Hair loss - why does it happen and best ways to stop it?

POSTED: 11 April 2018

Losing your age at any age can be a worry, but even more so when it's premature or severe.

We all develop some degree of hair loss as we age but obviously this is far more pronounced in men.

A third will be experiencing hair loss by the time they are 30, 40% by 40 and around half by 50 and 80% by the age of 70.

Hair loss eats into your self-esteem and studies have shown that it can also impact on your relationship and even career prospects

(there is evidence to show that bald men earn less than men with hair). 

Here Crown Clnic's consultant surgeon Asim Shahmalak explains why men and women lose their hair (10% of Crown Clinic's patients are women) and how

this hair loss can be treated by a hair transplant - either a FUE (follicular unit extraction) procedure or the more traditional method, FUT (follicular unit transplantation).

What is your hair made of?

Hairs are tiny shafts of a protein called keratin. They are anchored in a group of specialised cells called hair follicles, which supply oxygen and nutrients to the root (or bulb) of the hair, and lubricate the hair with an oily substance called sebum. The human body is completely covered with hair follicles, except on the palms of the hands, soles of the feet and the lips. Mostly, hair follicles are tiny, and the hairs they produce don't grow long enough to protrude from the pore.

The areas where hairs do protrude (and are visible above the skin) include the armpits, face, around the genitals, the front of the chest, the back, and most profusely, on the scalp of the head. A scalp typically contains about 100,000 hair follicles.

Hair is in a constant cycle of growth, rest, and renewal. Hairs grow and then are shed, but because they grow at different rates they don't all shed at once.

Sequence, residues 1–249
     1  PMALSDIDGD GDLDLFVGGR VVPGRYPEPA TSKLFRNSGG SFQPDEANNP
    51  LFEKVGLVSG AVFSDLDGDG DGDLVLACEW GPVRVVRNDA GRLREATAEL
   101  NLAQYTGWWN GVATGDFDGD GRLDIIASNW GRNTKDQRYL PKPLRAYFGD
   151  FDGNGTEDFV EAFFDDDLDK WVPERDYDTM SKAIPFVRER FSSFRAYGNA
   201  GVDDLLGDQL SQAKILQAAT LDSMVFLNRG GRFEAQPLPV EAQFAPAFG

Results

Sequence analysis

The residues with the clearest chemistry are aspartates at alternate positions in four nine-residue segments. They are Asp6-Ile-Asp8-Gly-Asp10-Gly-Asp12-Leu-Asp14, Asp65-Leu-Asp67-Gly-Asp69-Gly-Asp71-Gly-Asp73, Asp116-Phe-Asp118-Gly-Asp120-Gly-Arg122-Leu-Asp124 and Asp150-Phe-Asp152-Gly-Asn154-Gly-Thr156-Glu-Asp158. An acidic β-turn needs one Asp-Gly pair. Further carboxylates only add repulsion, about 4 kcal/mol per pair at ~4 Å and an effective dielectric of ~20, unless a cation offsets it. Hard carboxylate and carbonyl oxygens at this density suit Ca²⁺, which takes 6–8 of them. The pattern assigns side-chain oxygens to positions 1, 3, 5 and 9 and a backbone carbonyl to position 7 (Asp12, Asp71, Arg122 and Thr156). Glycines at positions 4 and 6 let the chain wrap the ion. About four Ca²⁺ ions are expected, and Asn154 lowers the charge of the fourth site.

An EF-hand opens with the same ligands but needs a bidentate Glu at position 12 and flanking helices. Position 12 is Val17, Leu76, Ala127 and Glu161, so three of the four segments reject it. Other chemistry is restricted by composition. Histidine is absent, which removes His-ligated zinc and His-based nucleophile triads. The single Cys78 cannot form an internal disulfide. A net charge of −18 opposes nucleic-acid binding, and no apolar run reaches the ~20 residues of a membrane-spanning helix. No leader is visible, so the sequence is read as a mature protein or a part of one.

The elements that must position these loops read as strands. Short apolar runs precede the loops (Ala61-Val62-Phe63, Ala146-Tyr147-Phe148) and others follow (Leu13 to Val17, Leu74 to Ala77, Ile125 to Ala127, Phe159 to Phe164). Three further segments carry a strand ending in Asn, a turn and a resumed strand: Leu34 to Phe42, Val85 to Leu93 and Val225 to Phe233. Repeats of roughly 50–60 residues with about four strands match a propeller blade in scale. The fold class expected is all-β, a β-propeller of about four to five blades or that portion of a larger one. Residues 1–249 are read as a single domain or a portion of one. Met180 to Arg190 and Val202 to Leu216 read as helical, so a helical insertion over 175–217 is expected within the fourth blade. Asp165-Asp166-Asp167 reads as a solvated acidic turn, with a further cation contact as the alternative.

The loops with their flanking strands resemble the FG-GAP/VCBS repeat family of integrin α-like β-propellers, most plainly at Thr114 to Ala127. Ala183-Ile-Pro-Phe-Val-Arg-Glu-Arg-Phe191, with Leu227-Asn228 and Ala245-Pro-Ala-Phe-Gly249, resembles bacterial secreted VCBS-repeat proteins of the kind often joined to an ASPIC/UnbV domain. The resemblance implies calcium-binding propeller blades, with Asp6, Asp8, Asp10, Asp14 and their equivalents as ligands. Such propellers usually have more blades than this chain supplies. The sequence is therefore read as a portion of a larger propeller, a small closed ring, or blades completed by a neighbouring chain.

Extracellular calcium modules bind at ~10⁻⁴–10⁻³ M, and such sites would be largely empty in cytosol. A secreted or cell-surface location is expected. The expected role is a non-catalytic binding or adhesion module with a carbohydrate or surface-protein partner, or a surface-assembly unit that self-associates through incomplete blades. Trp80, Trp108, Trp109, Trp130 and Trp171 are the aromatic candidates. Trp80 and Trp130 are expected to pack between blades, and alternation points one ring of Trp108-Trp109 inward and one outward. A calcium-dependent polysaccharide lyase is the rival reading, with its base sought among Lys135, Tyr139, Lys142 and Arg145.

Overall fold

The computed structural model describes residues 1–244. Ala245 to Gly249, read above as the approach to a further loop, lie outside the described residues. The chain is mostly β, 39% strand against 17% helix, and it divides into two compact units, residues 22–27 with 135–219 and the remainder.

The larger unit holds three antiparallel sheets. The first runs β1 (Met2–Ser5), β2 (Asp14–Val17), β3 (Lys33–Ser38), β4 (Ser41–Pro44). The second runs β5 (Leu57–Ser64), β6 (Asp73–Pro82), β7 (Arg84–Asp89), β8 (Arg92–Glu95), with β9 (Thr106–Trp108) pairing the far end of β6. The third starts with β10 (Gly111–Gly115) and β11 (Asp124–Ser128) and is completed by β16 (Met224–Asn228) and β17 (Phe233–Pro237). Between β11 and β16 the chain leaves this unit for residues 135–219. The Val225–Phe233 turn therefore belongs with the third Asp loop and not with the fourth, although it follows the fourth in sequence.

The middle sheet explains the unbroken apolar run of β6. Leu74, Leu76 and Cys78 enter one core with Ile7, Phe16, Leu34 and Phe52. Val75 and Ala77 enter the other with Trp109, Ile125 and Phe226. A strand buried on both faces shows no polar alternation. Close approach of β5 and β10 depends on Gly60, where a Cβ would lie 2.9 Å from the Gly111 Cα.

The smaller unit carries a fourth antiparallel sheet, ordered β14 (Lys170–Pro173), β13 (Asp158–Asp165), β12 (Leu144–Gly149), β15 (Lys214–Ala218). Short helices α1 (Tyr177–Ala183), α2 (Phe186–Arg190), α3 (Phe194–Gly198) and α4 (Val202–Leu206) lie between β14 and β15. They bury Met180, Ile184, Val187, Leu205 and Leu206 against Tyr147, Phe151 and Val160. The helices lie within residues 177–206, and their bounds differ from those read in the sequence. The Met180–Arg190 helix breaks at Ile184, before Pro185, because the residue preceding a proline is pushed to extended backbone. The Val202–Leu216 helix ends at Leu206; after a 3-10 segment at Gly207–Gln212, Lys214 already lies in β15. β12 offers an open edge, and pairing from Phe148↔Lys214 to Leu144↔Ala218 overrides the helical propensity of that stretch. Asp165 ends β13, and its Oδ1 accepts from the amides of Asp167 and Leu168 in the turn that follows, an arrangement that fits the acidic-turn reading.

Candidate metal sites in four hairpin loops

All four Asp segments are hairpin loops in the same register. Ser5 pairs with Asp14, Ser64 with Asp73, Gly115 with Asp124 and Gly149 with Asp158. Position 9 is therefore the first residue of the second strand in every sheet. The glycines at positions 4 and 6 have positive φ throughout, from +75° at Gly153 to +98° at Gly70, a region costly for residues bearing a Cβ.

How does hair loss start in men?

It tends to start at the sides of the scalp (above the temples) and on the crown, and spreads from there. As the hairline recedes backwards, the patch gets larger.

This is known as male pattern baldness, or androgenetic alopecia. 

Hair loss in women?

Yes, women get it too but it is less common than in men. It is often not permanent and grows back after periods of hormonal change (pregnancy, menopause).

The pattern of permanent hair loss in women tends to be different than in men. Women tend to thin right across the top of the scalp rather than in patches. This can be even more distressing because the hair loss is over a greater area.

What are the causes?

This is the one case where you really CAN blame the parents: genetics is far by the biggest cause of hair loss. It's a myth to say that the mother's side of the family is more influential - both sides can pass it on. This natural hair loss can be made worse by other factors - medication, over-styling, poor diet and other factors.

The cure

Hair loss is a continual process but you can do is slow down or halt this process with clinically proven hair loss medication such as Finasteride (also known as Propecia) and Minoxidil (often sold as a hair mousse).

How to cover up bald patches?

The only permanent way to combat hair loss with natural hair is to have a hair transplant. This transplanted hair is permanent and should last for the rest of your life. Everyone has a permanent  'horseshoe' on the back and sides of the scalp where donor hair can be harvested by FUE or FUT and replanted in the balding areas. Techniques have improved markedly over last 20 years and patients using a skilled surgeon such as Dr Shahmalak can expect wonderfully blended new hair covering up their bald spots. It takes between six months to a year for the transplanted hair to grow back.  

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